Story of how youngest victim of Titanic was identified finally told

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The story has finally been told of how a young victim of the Titanic sinking was identified – thanks to old shoes.

British boy Sidney Goodwin was found to be the toddler buried in 1912 as an “unknown child”.

A television documentary reveals how the 19-month-old’s identity was established after years of painstaking research.

In 2001, a university team exhumed his body in Halifax, Nova Scotia, Canada. DNA tests were carried out on teeth and bone and at first it was thought he was a 13-month-old Finnish boy.

But Smithsonian Channel series The Curious Life And Death Of… tells how in 2004 shoes were handed in by relatives of Clarence Northover, who guarded the recovered bodies of Titanic victims.

Sidney had set sail on the ill-fated maiden voyage in 1912 with his father Fred Goodwin, 42, mother Augusta, 43, and five siblings Lillian, 16, Charles, 14, William, 11, Jessie, 10, and Harold, nine. All are believed to have perished.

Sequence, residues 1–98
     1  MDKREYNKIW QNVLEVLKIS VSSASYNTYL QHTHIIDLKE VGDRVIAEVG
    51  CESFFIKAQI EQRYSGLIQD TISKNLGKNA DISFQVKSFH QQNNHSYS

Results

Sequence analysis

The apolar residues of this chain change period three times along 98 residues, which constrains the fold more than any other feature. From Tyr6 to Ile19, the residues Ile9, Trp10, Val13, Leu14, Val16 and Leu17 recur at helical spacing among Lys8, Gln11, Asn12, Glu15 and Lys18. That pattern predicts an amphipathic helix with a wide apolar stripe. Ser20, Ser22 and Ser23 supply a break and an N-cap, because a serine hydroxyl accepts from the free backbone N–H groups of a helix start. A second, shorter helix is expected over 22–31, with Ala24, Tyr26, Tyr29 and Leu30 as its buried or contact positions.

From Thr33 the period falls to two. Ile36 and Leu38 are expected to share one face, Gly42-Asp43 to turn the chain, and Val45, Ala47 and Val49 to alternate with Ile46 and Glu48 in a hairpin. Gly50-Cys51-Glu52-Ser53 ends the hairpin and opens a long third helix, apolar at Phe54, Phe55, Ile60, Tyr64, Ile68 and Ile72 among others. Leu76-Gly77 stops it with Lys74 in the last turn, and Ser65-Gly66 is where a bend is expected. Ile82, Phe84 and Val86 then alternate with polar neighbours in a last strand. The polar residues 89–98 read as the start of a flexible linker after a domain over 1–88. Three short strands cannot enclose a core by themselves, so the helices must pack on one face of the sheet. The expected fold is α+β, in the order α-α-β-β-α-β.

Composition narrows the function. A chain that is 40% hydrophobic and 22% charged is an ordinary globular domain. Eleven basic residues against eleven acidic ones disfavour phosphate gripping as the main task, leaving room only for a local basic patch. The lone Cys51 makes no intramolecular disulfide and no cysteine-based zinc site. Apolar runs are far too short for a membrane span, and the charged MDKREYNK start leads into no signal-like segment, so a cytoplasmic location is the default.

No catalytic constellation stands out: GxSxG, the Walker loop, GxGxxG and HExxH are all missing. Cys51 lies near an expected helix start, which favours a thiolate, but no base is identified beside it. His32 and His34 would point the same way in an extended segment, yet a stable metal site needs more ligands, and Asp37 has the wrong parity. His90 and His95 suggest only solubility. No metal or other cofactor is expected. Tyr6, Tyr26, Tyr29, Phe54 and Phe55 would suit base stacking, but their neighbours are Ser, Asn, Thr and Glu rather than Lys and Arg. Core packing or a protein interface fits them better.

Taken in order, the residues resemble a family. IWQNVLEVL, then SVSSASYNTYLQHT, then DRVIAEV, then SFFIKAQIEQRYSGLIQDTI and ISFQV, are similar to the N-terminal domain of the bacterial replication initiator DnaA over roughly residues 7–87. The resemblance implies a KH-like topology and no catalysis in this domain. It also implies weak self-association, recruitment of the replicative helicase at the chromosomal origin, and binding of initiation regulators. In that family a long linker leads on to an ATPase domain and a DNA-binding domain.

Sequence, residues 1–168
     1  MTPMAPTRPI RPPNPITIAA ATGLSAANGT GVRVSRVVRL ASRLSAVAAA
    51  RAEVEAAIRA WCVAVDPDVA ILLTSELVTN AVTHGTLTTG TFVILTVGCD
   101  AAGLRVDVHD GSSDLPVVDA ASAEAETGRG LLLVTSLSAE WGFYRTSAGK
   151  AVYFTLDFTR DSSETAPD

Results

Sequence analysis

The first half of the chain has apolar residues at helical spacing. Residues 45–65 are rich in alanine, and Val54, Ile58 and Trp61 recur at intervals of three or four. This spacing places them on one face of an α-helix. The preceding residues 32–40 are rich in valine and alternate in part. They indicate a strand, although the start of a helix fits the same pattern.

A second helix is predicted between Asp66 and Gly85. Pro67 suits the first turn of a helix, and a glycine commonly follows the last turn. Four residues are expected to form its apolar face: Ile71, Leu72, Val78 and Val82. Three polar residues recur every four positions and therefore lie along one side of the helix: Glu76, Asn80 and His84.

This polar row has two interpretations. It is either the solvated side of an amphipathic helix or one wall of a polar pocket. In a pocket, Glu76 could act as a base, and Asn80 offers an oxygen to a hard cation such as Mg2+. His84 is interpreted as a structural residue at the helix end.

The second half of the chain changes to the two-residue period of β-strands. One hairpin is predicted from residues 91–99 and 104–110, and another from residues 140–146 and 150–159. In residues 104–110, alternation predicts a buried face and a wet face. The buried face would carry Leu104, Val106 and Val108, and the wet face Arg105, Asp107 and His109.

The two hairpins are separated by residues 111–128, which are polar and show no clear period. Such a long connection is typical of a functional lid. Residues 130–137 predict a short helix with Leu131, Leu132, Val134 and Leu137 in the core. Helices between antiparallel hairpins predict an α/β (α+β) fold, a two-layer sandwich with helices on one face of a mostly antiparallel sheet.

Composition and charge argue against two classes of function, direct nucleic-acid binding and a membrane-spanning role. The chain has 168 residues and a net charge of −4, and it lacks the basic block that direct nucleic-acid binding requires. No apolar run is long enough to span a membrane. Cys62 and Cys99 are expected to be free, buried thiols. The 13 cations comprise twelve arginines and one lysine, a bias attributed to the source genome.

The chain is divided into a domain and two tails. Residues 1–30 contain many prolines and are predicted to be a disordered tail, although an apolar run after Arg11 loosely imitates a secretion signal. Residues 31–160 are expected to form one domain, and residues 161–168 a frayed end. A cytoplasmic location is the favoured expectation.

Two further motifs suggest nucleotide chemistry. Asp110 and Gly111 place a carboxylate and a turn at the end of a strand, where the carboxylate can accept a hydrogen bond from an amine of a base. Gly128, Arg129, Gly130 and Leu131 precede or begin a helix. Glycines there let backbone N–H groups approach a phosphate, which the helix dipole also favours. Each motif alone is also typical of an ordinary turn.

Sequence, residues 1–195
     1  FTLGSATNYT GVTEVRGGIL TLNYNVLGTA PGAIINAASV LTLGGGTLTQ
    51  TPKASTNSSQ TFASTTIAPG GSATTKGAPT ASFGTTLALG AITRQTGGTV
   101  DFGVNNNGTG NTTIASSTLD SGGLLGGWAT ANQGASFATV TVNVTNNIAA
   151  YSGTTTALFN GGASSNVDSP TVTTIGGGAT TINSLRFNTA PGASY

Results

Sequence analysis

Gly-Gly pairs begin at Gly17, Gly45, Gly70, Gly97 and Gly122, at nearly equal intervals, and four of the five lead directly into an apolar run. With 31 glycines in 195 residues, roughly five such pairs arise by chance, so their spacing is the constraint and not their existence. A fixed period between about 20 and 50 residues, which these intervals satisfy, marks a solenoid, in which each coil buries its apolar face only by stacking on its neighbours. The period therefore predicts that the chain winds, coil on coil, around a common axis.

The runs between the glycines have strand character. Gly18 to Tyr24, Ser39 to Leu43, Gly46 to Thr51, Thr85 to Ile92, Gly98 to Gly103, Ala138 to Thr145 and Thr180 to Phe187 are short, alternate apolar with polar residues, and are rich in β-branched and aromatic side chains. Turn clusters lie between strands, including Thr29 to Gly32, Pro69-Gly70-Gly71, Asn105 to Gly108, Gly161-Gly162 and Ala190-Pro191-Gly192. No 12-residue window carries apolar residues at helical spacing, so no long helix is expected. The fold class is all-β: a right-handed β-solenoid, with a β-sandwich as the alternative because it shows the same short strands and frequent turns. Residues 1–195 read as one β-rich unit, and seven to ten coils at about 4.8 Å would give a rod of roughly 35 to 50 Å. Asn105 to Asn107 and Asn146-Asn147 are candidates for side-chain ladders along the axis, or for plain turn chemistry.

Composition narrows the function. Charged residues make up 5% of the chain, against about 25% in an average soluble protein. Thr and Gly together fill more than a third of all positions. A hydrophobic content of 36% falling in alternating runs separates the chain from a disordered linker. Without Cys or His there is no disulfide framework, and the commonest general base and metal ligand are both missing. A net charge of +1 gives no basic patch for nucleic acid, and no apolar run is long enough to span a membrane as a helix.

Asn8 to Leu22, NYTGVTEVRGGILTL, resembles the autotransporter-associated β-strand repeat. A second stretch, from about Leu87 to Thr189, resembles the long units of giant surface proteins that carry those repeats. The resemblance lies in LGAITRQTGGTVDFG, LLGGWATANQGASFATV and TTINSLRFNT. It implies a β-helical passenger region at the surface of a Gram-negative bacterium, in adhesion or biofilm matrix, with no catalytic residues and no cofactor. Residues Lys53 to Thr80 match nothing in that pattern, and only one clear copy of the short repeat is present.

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More than 1,500 people died when the ship sank after hitting an iceberg en route from Southampton to New York. Only 705 survived.

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Sidney’s original memorial has now been replaced by a headstone with his name and a copy of an old photo of him – found by one of the researchers – on it.

  • Science
  • Family

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